Owing to varying number of years assessed and methodologies used to estimate incidence between and within countries, diverging findings were observed from studies that provided temporal trends for stroke incidence. Direct comparisons of these findings to that of ours is therefore, difficult. Globally, an estimated decline of –8.1% in age-standardized stroke incidence was reported between 1990 and 2016 [17]. In the United States, stroke incidence dropped between 1998 and 2011 with an absolute decrease of 0.93 per 1000 population and similarly, a 33% drop in Sweden between 2001 and 2016 [18, 19]. Instead, a stable stroke incidence for the Netherlands was seen from year 1997 to 2005 [20]. Within Asia, availability of temporal trends were largely limited to evidence from high-income countries. Singapore and Korea showed a decrease in their trends for stroke incidence; Singapore with a drop from 171.8 per 100,000 in 2007 to 155.2 in 2016 whereas in Korea, 105.8 per 100,000 in 2007 to 92.2 in 2013 [21, 22]. The higher ratio of men with incident strokes compared to women is parallel to global findings [17], results across Asian countries as well as local estimates in selected areas [4, 5, 21] We expand the evidence; being among the first to show detailed age- and sex-specific trends from an Asian middle-income country, trends that are clearly different from high-income Asian countries.

One notable finding that should be highlighted is the increase in stroke incidence among the younger population below 65 years, which was substantially contributed by the increase in ischemic stroke. Worldwide, similar observations have increasingly been reported. The Global Burden of Disease Study showed a 25% increase of stroke incidence among young adults aged 20 to 64 years old from 1990 to 2010, which were mostly attributable to LMICs [1]. In Singapore, there was a similar upward trend in stroke incidence between those aged 30 to 60 years old from 2007 to 2016 [21]. Incidence of hospitalized stroke among Danish young adults was reported to increase with an annual change of 1.8% between 1994 and 2012 [23]. Likewise in the Netherlands, a significantly increasing trend of stroke incidence was observed among those aged between 35 to 64 years [20].

Multiple reasons have been postulated for the rise of incidence among young adults but evidence to support these reasons are yet to be established. The observed trend is possibly a reflection of a parallel increase in the burden of cardiovascular risk factors especially hypertension among young adults. The National Health and Morbidity Survey, a nationwide community survey in Malaysia which is conducted periodically, showed a slight increasing trend of the prevalence of hypertension among those aged 18–39 years (17.6% in 2006 to 18.9% in 2015) and 40–59 years (48.8% in 2006 to 49.5% in 2015) [24]. As for those 60 years and above, the prevalence of hypertension showed a downward trend from 73.1% in 2006 to 71.9% in 2015. Although awareness, treatment and control of the disease were reported to have increased in all age groups over the 10 years, it was evident that these improvements were modest in the those below 60 years of age in comparison to the older age group. The prevalence of awareness among hypertensives only increased from 39.1% in 2006 to 39.5% in 2015 among patients aged 40–59 years whereas in those 60 years and above, prevalence of awareness rose from 50.6% in 2006 to 57.2% in 2015. Likewise, the younger age group reported a rise in the control of treated hypertensives from 29.6% in 2006 to 36.7% in 2015 but a larger improvement was observed among those 60 years and above (24.3% in 2006 to 37.3% in 2015).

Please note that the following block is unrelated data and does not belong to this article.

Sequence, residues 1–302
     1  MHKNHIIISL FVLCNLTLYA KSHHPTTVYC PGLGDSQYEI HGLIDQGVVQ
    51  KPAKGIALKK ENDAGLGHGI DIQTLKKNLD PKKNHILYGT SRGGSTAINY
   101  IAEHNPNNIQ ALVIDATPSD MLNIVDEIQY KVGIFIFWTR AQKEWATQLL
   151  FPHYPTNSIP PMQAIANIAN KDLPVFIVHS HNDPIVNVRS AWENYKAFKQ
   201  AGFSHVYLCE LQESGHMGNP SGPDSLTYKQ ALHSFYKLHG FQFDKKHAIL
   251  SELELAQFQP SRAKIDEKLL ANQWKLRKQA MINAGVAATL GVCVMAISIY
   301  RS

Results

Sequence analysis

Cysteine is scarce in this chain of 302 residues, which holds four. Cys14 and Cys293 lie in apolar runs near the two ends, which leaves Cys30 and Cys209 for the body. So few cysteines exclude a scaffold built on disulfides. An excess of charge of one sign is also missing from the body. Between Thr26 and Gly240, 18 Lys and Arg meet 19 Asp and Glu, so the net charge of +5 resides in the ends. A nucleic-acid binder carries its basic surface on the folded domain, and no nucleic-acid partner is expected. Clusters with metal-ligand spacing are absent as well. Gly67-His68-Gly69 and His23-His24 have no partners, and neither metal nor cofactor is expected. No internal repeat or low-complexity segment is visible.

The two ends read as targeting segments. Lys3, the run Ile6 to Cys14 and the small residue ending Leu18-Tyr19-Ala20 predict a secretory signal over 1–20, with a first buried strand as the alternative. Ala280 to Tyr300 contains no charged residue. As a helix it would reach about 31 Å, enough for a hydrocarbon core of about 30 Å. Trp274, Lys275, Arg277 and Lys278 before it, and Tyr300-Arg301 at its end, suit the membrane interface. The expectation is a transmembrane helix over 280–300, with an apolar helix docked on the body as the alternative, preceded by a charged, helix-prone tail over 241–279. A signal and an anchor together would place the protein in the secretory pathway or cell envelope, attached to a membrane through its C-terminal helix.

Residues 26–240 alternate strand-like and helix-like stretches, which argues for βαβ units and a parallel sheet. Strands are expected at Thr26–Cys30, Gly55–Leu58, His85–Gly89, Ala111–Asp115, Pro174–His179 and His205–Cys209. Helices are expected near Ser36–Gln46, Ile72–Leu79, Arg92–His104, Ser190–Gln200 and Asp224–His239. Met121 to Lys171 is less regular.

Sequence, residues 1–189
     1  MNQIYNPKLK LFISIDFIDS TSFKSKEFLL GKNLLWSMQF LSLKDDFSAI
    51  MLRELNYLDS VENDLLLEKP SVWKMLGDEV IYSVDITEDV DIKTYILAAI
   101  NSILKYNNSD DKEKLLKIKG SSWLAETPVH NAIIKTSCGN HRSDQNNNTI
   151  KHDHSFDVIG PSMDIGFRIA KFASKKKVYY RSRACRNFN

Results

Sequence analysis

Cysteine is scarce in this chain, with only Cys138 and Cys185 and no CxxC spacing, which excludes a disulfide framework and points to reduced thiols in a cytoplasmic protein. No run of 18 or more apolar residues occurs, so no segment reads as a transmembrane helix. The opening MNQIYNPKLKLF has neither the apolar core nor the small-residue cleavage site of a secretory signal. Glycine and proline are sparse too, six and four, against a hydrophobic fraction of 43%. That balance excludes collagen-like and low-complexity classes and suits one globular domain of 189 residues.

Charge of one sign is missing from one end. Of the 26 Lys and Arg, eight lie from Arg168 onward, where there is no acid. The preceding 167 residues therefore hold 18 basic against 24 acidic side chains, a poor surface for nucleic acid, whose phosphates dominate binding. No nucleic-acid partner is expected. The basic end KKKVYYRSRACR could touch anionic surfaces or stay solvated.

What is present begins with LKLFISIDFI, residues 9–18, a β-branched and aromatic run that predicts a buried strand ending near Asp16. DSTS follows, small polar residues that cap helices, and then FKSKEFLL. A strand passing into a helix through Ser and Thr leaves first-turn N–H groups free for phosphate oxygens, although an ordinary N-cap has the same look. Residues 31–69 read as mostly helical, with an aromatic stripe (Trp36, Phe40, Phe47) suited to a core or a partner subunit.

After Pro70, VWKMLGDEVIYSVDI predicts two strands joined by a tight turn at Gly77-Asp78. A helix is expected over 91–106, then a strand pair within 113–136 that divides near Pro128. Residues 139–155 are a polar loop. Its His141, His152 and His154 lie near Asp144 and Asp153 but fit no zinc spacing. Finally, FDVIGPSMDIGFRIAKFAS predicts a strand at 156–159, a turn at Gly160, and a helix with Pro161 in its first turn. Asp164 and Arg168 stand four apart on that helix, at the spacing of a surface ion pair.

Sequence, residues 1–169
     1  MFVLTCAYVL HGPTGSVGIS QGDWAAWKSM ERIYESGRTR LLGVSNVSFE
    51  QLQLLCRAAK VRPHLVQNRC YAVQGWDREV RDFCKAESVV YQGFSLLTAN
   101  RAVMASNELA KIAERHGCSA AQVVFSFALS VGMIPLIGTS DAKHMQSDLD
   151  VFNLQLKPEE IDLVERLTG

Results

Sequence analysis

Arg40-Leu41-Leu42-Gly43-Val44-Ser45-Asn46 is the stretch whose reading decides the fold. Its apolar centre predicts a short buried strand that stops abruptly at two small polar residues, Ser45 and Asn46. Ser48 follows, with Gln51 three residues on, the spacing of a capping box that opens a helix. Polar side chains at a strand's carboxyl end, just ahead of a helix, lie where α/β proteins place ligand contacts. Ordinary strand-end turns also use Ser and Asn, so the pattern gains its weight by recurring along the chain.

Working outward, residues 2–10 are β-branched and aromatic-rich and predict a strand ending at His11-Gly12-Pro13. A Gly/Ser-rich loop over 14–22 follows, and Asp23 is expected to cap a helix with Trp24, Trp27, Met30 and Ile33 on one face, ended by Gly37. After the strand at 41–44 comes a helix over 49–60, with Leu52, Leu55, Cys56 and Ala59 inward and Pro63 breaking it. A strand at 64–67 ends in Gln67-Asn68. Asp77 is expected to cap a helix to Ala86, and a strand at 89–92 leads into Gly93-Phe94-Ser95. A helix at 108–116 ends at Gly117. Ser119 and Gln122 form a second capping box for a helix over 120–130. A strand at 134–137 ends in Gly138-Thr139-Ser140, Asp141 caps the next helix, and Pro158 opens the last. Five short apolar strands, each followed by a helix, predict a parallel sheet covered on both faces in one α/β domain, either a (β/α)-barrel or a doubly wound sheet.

In addition to that, the proportion of Malaysians who have >40% 10-year cardiovascular risk was found to have increased among those aged 40–59 years old from 2006 to 2015 whereas a decline was observed for those above 60 years of age [25]. Despite a downward trend in the prevalence of Malaysians with undiagnosed cardiovascular risk factors between the year 2011 and 2015, the proportions remain significant for those aged between 35 to 64 years [26]. In 2015, the prevalence of undiagnosed dyslipidemia among these age groups ranged from 40.0 to 48.5%, hypertension (18.1–27.9%) and diabetes mellitus (9.5–12.4%).

Findings on the decreasing trend of 28-day all-cause mortality after a stroke is comparable to high-income countries. In Sweden, their 28-day all-cause mortality for stroke patients declined from 14.3% in 2001–2002 to 11.1% in 2015–2016 [19], whereas in the United States, 30-day all-cause mortality after an ischemic stroke decreased from 15.9% in 1988 to 12.7% in 2008 and hemorrhagic stroke, 44.7% to 39.3% [27]. Similarly in Singapore, with an Asian population, a decline in 30-day mortality specifically due to stroke was noted (10.4% in 2011 to 8.0% in 2016) [21].

Globally, a downward trend in mortality after a stroke, in particular those of ischemic origin is substantially attributable to improved management of stroke care. This ranges from control of cardiovascular risk factors, emphasis on the importance of secondary stroke prevention, better detection with improved diagnostic tools, introduction of reperfusion therapies to development of stroke systems of care such as acute stroke units, telemedicine and primary and comprehensive stroke centres [28]. The magnitude of such improvement however, is highly dependent on the availability of expertise and resources in respective countries. In Malaysia, the reduction in the 28-day all-cause mortality after a stroke is observed to be in line with the continuous development of stroke care in the country, in particular the hyperacute stroke care components which includes recommendations for use of acute reperfusion therapies and establishment of acute stroke units in some hospitals in this country [29, 30]. This is supported with trend data from the Malaysian National Stroke Registry which reported that there were lesser stroke patients being discharged from the hospitals with poor clinical outcomes between 2009 compared to 2017 [6]. The proportion of stroke patients with functional dependence upon hospital discharge has dropped from 56.0% in 2009 to 45.8% in 2017. Proportion of overall deaths at discharge has also decreased from 20.7% in 2009 to 7.8% in 2017.